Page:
Arab American Heritage Month and local connections
You may notice that this note, and several others this year, recount an annual event. I will continue writing about these annual events each year because it encourages us to continually learn about each other and value diverse cultures, religions, and traditions. It is my hope that these messages help you feel a sense of belonging, if they describe your life or beliefs. And I hope they encourage you to talk to your fellow students and teammates about the rich diversity our College community offers.
Throughout April, our College and our community celebrate Arab American Heritage Month.
What is Arab American Heritage Month?
This month is a time to recognize and celebrate the history, cultures, diversity, and contributions of Americans of Arab heritage.
In 2019, U.S. Representative Debbie Dingell co-sponsored a congressional resolution to officially recognize National Arab American Heritage Month. The resolution is still pending, but the State Department declared April 2021 National Arab American Heritage Month. Communities throughout the nation have commemorated Arab American Heritage Month for many years.
Arab Americans are people who originate from, or have ancestors from, one of 22 Arab nations in western Asia and northern Africa. These nations are Algeria, Bahrain, the Comoro Islands, Djibouti, Egypt, Iraq, Jordan, Kuwait, Lebanon, Libya, Morocco, Mauritania, Oman, Palestine, Qatar, Saudi Arabia, Somalia, Sudan, Syria, Tunisia, the United Arab Emirates, and Yemen.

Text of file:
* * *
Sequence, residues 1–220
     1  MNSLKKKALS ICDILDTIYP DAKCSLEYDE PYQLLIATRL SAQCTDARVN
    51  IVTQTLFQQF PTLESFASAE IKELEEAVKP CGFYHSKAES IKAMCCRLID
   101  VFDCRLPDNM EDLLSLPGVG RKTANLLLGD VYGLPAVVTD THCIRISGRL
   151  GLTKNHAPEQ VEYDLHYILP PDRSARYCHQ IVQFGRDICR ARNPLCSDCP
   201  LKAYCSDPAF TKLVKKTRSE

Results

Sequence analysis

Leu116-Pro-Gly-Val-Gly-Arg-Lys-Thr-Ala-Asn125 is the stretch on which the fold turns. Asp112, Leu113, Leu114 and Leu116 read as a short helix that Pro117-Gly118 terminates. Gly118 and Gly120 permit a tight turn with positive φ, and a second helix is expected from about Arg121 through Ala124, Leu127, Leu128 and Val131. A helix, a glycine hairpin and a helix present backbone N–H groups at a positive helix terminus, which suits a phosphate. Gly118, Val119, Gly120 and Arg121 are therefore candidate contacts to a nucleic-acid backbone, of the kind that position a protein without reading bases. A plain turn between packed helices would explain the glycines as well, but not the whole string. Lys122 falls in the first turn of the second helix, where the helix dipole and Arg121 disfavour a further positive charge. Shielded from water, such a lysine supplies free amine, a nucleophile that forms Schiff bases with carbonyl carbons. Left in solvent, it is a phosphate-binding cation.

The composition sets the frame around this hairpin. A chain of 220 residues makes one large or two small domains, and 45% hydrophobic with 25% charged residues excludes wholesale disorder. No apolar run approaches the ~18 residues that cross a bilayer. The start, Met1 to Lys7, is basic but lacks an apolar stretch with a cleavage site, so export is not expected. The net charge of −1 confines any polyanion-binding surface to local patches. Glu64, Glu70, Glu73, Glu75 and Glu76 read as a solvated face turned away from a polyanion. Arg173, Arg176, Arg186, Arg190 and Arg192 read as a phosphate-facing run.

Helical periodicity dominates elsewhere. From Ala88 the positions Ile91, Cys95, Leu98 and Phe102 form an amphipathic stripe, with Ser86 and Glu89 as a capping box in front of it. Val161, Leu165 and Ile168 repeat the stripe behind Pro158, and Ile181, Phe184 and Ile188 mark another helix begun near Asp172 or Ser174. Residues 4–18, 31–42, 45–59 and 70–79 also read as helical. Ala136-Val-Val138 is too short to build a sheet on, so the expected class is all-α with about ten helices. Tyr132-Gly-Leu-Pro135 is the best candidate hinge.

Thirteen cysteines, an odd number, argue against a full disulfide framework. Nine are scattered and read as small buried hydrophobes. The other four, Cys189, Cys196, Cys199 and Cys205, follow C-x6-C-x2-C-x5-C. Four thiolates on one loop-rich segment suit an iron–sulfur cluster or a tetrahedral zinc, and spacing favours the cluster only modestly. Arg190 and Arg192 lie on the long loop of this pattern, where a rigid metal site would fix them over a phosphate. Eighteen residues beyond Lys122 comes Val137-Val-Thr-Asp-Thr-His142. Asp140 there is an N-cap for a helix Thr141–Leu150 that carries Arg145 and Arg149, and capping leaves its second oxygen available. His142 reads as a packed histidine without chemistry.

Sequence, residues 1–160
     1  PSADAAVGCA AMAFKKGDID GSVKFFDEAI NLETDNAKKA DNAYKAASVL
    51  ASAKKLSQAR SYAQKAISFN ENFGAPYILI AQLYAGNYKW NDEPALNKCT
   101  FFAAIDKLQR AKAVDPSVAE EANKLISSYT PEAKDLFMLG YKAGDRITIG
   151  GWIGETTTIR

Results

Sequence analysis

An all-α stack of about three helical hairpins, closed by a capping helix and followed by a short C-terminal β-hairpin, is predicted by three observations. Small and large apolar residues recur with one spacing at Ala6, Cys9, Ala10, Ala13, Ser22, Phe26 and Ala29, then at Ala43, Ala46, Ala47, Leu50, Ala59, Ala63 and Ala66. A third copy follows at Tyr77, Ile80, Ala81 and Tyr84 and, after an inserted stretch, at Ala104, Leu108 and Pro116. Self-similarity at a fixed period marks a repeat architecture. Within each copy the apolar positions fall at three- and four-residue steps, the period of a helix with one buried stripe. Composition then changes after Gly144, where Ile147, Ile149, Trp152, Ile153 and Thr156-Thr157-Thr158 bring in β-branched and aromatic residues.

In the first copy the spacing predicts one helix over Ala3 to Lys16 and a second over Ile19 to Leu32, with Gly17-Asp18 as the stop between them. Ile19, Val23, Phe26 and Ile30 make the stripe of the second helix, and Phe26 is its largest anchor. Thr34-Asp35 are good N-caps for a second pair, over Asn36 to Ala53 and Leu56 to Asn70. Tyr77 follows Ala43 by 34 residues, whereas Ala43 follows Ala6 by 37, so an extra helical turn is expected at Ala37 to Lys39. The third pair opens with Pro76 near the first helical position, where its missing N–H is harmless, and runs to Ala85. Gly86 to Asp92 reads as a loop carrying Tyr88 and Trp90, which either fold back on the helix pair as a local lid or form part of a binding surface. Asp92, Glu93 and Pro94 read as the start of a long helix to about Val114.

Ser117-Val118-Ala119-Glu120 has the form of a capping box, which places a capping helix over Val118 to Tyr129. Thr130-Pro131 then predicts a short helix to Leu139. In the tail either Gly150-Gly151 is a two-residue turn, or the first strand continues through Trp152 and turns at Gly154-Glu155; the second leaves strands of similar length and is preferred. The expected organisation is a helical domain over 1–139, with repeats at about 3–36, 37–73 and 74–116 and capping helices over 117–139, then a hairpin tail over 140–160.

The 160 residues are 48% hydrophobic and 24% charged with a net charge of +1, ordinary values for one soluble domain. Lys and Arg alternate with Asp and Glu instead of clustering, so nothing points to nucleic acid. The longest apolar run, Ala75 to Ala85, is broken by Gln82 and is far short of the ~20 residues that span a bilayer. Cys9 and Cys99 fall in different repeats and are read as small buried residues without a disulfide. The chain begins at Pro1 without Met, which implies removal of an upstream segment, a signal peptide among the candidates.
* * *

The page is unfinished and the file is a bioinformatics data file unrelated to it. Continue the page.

The citizens of these nations have many ethnic, political, and religious differences, but they share certain cultural practices and speak Arabic as a primary language.
The Arab American Institute estimates that about 3.7 million U.S. residents share Arab heritage.
Arab Americans at Henry Ford College and in Dearborn
The Detroit Metro area is the proud home of one of the largest concentrations of Arab Americans in the U.S. Our own city of Dearborn has the largest percentage of Arab Americans of any U.S. city.
The College has long welcomed and celebrated our diverse heritage of Arab Americans, as well as many other ethnic and cultural populations. Because the U.S. Census does not specifically count Arab Americans, we do not have a verifiable percentage of Arab American students or employees at the College. We do know that a large number of our students and employees are of Arab heritage. We celebrate them and their heritage. These individuals represent a long history of contributing in countless ways to the success of our College and our community.
Here are some of the ways the Arab American community is tightly woven into the fabric of Henry Ford College and our community:
For those who wish to develop greater knowledge and expertise, the College offers an associate degree in Arab Cultural Studies. The program includes courses such as Arabic, writing and research, religion, government and political science, art, geography, sociology, anthropology, and peace and conflict studies. Students in any program, or community members who simply want to learn more, can benefit from taking HFC courses in Arabic, Arab music appreciation, Arabic calligraphy and art, and more.
Arab American life is vibrant and varied at our College. The Arab Student Union and the Yemeni Student Association are two student organizations that offer opportunities to participate in service and cultural activities. The Muslim Student Association also has many Arab American members. Many members of the Phi Theta Kappa Honor Society at HFC are Arab American students.